Nurse Leaders Face Moral Distress Alone

Jennifer Thew, RN, September 15, 2017

Researchers hope to bring the discussion about moral distress among chief nursing officers into the open.

Rose O. Sherman, EdD, RN
Rose O. Sherman, EdD, RN

Ethical challenges are not left at the bedside when nurses move into leadership positions.

Chief nursing officers still experience moral distress—the disequilibrium resulting from the recognition of and inability to react ethically to a situation—it's just taboo to talk about it, finds a qualitative study published in the Journal of Nursing Administration in February 2017.

"There's shame and isolation when you do have the experience, so it can make it very difficult for people to feel like they can openly discuss it," says Rose O. Sherman, EdD, RN, NEA-BC, FAAN, professor and director of the Nursing Leadership Institute at Florida Atlantic University.

Sherman is one of the study's authors. "I think that the other piece of it is, CNOs might not always label it as moral distress. But these are uncomfortable situations where they're making decisions against their values systems."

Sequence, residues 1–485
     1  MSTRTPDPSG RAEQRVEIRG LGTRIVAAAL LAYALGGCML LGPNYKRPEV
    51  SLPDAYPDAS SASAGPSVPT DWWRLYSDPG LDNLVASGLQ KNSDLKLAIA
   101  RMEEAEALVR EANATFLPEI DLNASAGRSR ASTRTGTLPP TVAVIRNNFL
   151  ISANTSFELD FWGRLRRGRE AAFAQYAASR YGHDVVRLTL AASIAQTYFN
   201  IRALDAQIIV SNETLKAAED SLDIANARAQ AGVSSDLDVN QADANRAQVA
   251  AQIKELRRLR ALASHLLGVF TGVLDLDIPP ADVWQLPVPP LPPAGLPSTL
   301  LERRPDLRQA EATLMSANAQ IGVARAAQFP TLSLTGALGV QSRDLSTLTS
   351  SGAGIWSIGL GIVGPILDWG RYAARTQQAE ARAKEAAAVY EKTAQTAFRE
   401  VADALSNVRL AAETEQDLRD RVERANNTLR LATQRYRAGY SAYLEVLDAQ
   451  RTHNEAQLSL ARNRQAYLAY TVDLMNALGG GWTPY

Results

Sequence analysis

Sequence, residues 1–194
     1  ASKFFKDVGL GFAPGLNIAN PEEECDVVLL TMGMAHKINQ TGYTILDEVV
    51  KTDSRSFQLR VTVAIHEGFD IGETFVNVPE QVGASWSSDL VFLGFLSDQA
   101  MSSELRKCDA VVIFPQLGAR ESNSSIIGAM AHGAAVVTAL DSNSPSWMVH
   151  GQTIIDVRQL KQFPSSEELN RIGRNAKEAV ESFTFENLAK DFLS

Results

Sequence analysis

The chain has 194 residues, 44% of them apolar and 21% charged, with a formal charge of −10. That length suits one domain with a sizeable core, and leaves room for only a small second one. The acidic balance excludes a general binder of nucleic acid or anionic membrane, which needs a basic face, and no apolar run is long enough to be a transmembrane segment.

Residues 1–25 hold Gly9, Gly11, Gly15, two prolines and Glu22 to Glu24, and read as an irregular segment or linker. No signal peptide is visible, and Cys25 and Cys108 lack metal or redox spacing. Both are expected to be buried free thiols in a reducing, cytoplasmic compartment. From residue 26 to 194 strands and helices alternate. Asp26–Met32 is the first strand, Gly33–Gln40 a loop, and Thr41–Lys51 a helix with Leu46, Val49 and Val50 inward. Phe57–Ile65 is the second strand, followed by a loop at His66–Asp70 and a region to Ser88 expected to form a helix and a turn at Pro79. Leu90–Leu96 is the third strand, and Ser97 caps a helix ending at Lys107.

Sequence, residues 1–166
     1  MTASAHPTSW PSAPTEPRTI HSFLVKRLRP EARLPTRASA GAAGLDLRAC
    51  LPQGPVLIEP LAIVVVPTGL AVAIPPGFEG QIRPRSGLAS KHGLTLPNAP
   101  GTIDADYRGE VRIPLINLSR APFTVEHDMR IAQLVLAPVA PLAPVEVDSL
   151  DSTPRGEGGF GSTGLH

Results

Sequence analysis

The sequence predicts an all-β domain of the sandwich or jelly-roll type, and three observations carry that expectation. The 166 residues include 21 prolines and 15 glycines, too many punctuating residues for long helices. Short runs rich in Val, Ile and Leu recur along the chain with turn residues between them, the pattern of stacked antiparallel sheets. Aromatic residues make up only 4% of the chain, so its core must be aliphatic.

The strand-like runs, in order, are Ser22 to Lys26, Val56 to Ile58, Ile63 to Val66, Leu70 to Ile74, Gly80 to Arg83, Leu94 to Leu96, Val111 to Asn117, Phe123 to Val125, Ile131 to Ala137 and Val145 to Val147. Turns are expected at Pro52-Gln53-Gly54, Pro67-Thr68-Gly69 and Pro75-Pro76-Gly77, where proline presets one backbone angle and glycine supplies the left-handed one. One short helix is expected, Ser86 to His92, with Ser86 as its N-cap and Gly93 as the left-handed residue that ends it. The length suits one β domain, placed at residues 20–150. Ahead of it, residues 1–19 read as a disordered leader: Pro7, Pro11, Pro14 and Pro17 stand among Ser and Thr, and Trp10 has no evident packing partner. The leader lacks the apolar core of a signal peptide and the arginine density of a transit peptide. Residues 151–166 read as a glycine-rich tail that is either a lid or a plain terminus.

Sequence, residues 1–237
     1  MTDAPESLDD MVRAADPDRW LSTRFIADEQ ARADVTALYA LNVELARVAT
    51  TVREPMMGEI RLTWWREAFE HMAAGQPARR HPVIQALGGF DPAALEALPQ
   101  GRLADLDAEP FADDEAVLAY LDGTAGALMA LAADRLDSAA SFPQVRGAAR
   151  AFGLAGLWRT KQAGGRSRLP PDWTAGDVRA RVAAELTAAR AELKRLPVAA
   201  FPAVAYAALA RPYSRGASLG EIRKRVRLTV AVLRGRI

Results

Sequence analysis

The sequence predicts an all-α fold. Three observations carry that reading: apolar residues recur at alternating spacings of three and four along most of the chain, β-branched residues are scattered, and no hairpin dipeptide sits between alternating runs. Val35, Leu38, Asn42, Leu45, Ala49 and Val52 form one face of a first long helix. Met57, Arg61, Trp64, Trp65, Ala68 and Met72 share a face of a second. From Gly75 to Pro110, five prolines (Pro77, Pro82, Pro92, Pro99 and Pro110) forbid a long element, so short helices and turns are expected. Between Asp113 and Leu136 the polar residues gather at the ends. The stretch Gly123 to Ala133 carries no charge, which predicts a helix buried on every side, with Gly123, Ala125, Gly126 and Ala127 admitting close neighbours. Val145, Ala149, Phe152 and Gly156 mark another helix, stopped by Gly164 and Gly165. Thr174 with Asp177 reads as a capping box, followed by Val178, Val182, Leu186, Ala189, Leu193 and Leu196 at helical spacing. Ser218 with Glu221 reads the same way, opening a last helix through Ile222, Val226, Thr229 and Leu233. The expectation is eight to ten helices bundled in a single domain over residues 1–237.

The Causes of Moral Distress

Through oral interviews, Sherman and her co-author, Angela S. Prestia, PhD, RN, NE-BC, discussed chief nursing officers' experiences of moral distress, including its short and long-term effects. Prestia is corporate chief nurse at The GEO Group.

The study's 20 participants described their experiences of moral distress, and several said they experienced it on more than one occasion. It was often related to issues like:

  • Staff salaries and compensation
  • Financial constraints
  • Hiring limits
  • Increased nurse-to-patient ratios to drive productivity
  • Counterproductive relationships
  • Authoritative improprieties.
Jennifer Thew, RN

Jennifer Thew, RN is the senior nursing editor at HealthLeaders Media.

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